We moved because we were not being fed. How many times have you heard similar conversations about worship and spiritual nurture? Comments like these may be heard across the country, across denominational lines, and across generational lines. Sadly, our youngest generations are not as likely to go from church to church in search of bread. They often just leave altogether – and they freely share their reasons for leaving!
The complaints of the hungered have spilled out of the church house and onto the bookshelves of major booksellers to become bestsellers: Leaving Church by Barbara Brown Taylor (2006), Mudhouse Sabbath by Lauren Winner (2007), Unlearning Church by Michael Slaughter (2008), Begging for Real Church by Joseph Daniels, Jr. (2009), and, perhaps more familiar, Dan Kimball’s They Like Jesus but Not the Church (2007). This seeming epidemic of spiritual hunger forces us to ask ourselves if something has gone awry with the way that we disciple our members into mature Christians.
Bethlehem meant house of bread. Bethlehem was the birthplace of the Bread of Life who feeds our hungry souls and it was once an adage that a Christian was just one beggar, showing other beggars where to find bread. The Christian faith is replete with so many images of bread and much conversation about the empty being filled.
If this is true, why are so many people in our churches complaining of hunger?
Flaws in our present thinking
I have come to believe that many churches and church members have come to this crisis through flawed thinking in at least two significant areas:
- One area of flawed thinking lies in the assumption that just attending church will give us everything that we need, spiritually. Subsequently, a significant number of people have lagged behind in attending to their personal spiritual disciplines because they regularly attend church. The popularity of Wesley’s class meetings demonstrates that the same spiritual hunger that has risen to the forefront today existed in the 1700s among churchgoers. Wesley’s solution was to give attention to spiritual practices in such a way that the tenets of the Christian life and the rituals of the church became more meaningful to those who attended class meetings. Wesley and company pursued an inward holiness of heart that resulted in an outward holiness of life by meeting to pray, study their Bibles and hold one another accountable to godly living. Similar things could be said about the renewal movement that Phoebe Palmer led a generation or so later and of the notable Christian leaders that God sends to renew the faith of each generation. The leaders who have had the greatest impact upon our collective spiritual lives have frequently been those who have called us back to the basics of personal spiritual practices.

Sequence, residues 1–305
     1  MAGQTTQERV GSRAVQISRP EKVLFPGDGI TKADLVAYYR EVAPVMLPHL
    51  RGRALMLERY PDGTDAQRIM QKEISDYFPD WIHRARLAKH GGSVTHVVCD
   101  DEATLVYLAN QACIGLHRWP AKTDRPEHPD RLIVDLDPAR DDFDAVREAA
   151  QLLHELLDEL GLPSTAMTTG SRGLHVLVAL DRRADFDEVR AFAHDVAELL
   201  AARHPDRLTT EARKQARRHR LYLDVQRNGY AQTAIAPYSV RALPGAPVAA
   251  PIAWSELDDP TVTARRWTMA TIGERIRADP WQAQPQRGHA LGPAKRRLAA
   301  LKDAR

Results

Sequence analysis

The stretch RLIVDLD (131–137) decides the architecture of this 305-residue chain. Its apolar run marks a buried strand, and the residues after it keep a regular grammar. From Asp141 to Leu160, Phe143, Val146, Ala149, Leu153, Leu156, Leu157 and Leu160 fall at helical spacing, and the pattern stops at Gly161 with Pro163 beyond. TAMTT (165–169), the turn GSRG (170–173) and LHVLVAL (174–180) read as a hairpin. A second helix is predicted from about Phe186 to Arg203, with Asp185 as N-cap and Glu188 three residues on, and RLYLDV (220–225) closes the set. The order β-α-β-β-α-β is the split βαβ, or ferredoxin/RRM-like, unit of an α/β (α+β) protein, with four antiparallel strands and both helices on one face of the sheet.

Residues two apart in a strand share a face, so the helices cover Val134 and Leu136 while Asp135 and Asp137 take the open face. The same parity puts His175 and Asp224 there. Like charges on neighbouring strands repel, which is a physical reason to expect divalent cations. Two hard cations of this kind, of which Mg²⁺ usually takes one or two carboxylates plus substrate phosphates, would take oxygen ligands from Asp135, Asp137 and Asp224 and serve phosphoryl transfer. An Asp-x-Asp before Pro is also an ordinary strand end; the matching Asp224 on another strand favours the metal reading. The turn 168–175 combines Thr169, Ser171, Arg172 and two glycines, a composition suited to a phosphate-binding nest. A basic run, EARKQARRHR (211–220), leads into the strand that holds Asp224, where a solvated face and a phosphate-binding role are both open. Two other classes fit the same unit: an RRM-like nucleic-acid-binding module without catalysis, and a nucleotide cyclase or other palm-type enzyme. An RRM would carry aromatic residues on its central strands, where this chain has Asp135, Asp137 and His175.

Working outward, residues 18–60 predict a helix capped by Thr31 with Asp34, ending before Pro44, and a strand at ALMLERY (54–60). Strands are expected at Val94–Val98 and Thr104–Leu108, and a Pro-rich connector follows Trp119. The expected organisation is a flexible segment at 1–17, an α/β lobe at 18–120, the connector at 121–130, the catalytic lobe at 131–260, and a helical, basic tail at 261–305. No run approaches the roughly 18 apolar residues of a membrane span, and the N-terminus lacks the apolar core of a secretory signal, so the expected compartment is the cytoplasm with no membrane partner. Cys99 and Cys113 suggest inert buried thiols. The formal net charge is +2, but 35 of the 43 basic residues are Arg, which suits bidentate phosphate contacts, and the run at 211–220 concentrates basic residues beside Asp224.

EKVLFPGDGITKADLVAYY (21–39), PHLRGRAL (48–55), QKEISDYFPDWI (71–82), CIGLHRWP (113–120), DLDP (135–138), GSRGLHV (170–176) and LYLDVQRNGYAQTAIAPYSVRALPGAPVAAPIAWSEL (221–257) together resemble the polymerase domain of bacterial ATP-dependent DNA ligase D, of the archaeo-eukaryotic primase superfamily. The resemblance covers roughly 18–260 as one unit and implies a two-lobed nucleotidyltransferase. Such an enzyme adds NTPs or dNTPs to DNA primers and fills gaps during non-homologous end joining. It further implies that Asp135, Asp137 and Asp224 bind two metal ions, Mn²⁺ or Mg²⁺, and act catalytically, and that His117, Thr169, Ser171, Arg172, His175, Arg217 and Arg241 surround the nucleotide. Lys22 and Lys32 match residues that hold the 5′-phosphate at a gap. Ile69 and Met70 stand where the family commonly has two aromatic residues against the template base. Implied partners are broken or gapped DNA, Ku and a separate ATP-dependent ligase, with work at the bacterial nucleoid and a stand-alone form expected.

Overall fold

- A second area of flawed thinking is rooted in our reliance upon other people to do spirituality for us. Could it be that we have come to rely too much upon others for our spiritual wellbeing. Explain the Bible to me, feed me! Somebody pray the prayers for us, (for pewdwellers do not know how to pray such pretty words…). Sing to us; sing for us (your voice is so much better than mine!) So many people have relied on “the people up front” for worship leadership and to actually do all the spiritual work in worship that they have forgotten how to enter into private or personal times of worship when they are alone! Yet, we take hope in the reality that many of our young people want to be spiritual for themselves. We hear it in their attempts at new songs or when they pray sincere heart-felt prayers about things we have stopped talking about in church.
The way forward
So what is the way forward? This blog post is an attempt to spur new conversations about ways that worship and Christian formation intersect. To indict the handful of pastors that are leading cotton candy worship services is not the answer. It would be more productive for each person who designs or leads worship to begin to construct a mental checklist to use when designing worship. Your checklist might include questions like:
- How many times are we modeling prayer in our worship services? The question is not such so much how many times do we pray, or who is praying, but what are our prayers teaching new members (and old ones) about prayer?
- Do our prayer concerns communicate that God is concerned about everyone, and not just the few who attend our services?
- Do our prayers teach the timid how to pray at home? Do our prayers unwittingly communicate the message that praying is for “super” Christians, or do we model conversational prayer in ways that the even the timid might use for an example?
- Do our prayers teach the strangers visiting in our midst that God is concerned about them?
In addition to learning about the Bible and how Christians should live through the sermon, liturgical scholars remind us that worship is one place in the church where we also learn how to practice several of the Christian disciplines like prayer. I invite you to engage in or initiate conversations with other worship planners in your congregation and in your networks to consider the formational aspect of worship. Begin by replacing my questions with more contextual questions of your own.
In my next blog post, I would like to take a similar look at the formational potential of church music.